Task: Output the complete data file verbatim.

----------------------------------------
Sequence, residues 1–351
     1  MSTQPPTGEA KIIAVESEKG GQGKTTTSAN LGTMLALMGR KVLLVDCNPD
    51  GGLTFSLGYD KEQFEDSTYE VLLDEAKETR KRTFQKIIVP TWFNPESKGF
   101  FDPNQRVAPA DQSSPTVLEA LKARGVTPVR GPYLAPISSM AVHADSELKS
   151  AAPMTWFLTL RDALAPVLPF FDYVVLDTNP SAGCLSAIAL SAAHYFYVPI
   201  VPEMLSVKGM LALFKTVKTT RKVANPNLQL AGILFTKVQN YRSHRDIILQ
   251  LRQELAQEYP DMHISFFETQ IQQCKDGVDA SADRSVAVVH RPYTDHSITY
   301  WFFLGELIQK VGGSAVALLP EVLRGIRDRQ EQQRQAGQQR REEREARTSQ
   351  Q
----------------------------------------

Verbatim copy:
Sequence, residues 1–351
     1  MSTQPPTGEA KIIAVESEKG GQGKTTTSAN LGTMLALMGR KVLLVDCNPD
    51  GGLTFSLGYD KEQFEDSTYE VLLDEAKETR KRTFQKIIVP TWFNPESKGF
   101  FDPNQRVAPA DQSSPTVLEA LKARGVTPVR GPYLAPISSM AVHADSELKS
   151  AAPMTWFLTL RDALAPVLPF FDYVVLDTNP SAGCLSAIAL SAAHYFYVPI
   201  VPEMLSVKGM LALFKTVKTT RKVANPNLQL AGILFTKVQN YRSHRDIILQ
   251  LRQELAQEYP DMHISFFETQ IQQCKDGVDA SADRSVAVVH RPYTDHSITY
   301  WFFLGELIQK VGGSAVALLP EVLRGIRDRQ EQQRQAGQQR REEREARTSQ
   351  Q